BME PhD Candidate Jamie M. Benson will be defending her dissertation:


Clarifying Cartilage Mechanics During Contact, Separation, and Migration



The function of cartilage joint surfaces is entirely dependent on the hydration of the tissue under load. Under static applied loads cartilage continuously loses interstitial fluid, hydration and function over time. When the joint operates within these conditions for extended periods of time, it leads to the degradation of cartilage and the onset of osteoarthritis (OA). Colloquially, OA has been referred to as “wear and tear” arthritis—leading many to question if they should “exercise less to preserve their cartilage.” On the contrary, research has shown that exercise halts the exudation process and cartilage is able to retain the fluid necessary for lubrication and load support. Currently, much of the literature focuses solely on the exudation mechanics when joints are moving at relatively fast speeds during physical activity. However, this framework is not truly representative of in-vivo cartilage mechanics. Humans move intermittently throughout the day, oscillating between being minimally active (i.e., fidgeting, brief walks), sedentary (i.e., sleeping/resting) and physically active (i.e., running/jogging). The mechanisms driving fluid recovery between these periods of relative inactivity and activity remain unclear. A major challenge in the field is determining how much physical activity (i.e., frequency, duration, type) is needed to maintain cartilage hydration, and thus joint health. In order to develop therapeutic and preventative measures for OA, there is a critical need to determine what mechanisms drive fluid recovery following periods of relative inactivity and activity.

To solve this problem, this thesis aims redefine tissue level cartilage mechanics within a new rehydration framework that describes joint biomechanics as a dynamically evolving process. Within the biphasic framework cartilage is modeled under steady-state conditions with zero fluid flow. However, joints are under static or quasi-static conditions that drive exudation ~ 90% of the time. Utilizing simple tribological experiments we will assess cartilage mechanics and function within physiologically relevant conditions during contact, separation and migration.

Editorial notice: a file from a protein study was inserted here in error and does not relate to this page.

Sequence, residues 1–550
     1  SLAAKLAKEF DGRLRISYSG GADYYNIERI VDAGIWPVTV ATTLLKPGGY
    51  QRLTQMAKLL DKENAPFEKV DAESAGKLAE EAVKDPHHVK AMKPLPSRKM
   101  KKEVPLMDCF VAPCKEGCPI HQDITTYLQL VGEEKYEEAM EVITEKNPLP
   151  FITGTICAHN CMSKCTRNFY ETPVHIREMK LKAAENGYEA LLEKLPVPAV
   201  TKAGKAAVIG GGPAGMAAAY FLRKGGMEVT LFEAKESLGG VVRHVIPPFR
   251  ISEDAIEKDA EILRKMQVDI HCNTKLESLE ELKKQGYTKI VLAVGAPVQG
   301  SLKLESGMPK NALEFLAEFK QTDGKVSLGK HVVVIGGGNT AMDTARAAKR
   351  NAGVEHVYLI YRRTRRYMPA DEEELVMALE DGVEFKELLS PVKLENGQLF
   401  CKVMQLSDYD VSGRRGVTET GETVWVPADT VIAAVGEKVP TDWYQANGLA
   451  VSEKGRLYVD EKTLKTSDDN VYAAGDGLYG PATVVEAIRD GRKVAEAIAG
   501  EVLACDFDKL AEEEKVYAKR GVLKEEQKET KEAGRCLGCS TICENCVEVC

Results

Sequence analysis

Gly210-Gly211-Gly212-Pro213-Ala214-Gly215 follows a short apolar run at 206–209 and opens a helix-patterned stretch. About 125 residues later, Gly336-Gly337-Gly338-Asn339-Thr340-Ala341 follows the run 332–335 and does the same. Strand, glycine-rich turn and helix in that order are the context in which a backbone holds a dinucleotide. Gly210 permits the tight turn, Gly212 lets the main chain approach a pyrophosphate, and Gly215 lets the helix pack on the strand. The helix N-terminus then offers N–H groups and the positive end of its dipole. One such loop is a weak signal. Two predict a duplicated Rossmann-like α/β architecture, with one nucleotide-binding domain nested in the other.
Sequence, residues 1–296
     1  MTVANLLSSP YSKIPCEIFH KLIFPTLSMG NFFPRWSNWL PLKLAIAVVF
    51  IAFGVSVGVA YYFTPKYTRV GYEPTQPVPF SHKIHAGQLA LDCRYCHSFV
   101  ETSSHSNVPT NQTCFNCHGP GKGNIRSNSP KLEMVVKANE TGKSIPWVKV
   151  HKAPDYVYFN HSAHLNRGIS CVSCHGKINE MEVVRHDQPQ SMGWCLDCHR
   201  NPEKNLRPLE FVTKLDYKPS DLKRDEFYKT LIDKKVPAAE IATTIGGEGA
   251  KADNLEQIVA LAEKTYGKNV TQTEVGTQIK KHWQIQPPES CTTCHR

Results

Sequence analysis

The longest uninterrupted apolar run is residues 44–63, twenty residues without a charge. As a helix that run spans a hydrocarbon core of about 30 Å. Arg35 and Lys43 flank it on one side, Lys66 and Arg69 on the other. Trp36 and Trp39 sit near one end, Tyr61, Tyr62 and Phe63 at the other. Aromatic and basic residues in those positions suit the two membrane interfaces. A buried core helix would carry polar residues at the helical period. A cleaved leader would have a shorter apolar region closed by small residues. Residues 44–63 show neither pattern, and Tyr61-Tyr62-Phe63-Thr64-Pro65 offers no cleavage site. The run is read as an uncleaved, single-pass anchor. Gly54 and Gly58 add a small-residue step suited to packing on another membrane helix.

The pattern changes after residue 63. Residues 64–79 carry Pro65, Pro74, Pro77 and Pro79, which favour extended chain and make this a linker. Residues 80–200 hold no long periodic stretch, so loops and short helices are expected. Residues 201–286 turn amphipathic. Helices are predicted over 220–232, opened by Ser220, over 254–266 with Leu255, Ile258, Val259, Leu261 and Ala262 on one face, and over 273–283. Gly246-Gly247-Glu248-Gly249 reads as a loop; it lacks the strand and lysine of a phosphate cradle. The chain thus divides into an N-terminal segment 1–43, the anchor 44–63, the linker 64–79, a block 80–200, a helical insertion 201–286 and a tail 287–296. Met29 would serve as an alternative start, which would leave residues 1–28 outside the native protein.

This thesis will be divided into two parts. The first part will focus on clarifying cartilage mechanics during contact and separation via two aims: Aim 1) Quantify the tensile strength during cartilage separation in terms of classical adhesion interfacial tensile stress (suction); Aim 2) Develop an analytical model discerning the relative contributions of classical adhesion and suction. The second part will focus on clarifying cartilage mechanics during migration via three aims: Aim 3) Develop an analytical model describing cartilage hydration in terms of exudation and recovery rates; Aim 4) Quantify the relative free swelling recovery rates in-situ; Aim 5) Quantify fluid load support across decreasing range of motions in the migrating contact area.

The completion of this work will provide direct scientific insights into: 1) the potential impact of physical activity trends on joint health, 2) the unknown conditions of the buried cartilage interface, and 3) the necessary mechanical parameters needed to guide the development of new bio-mimetic cartilage replacements.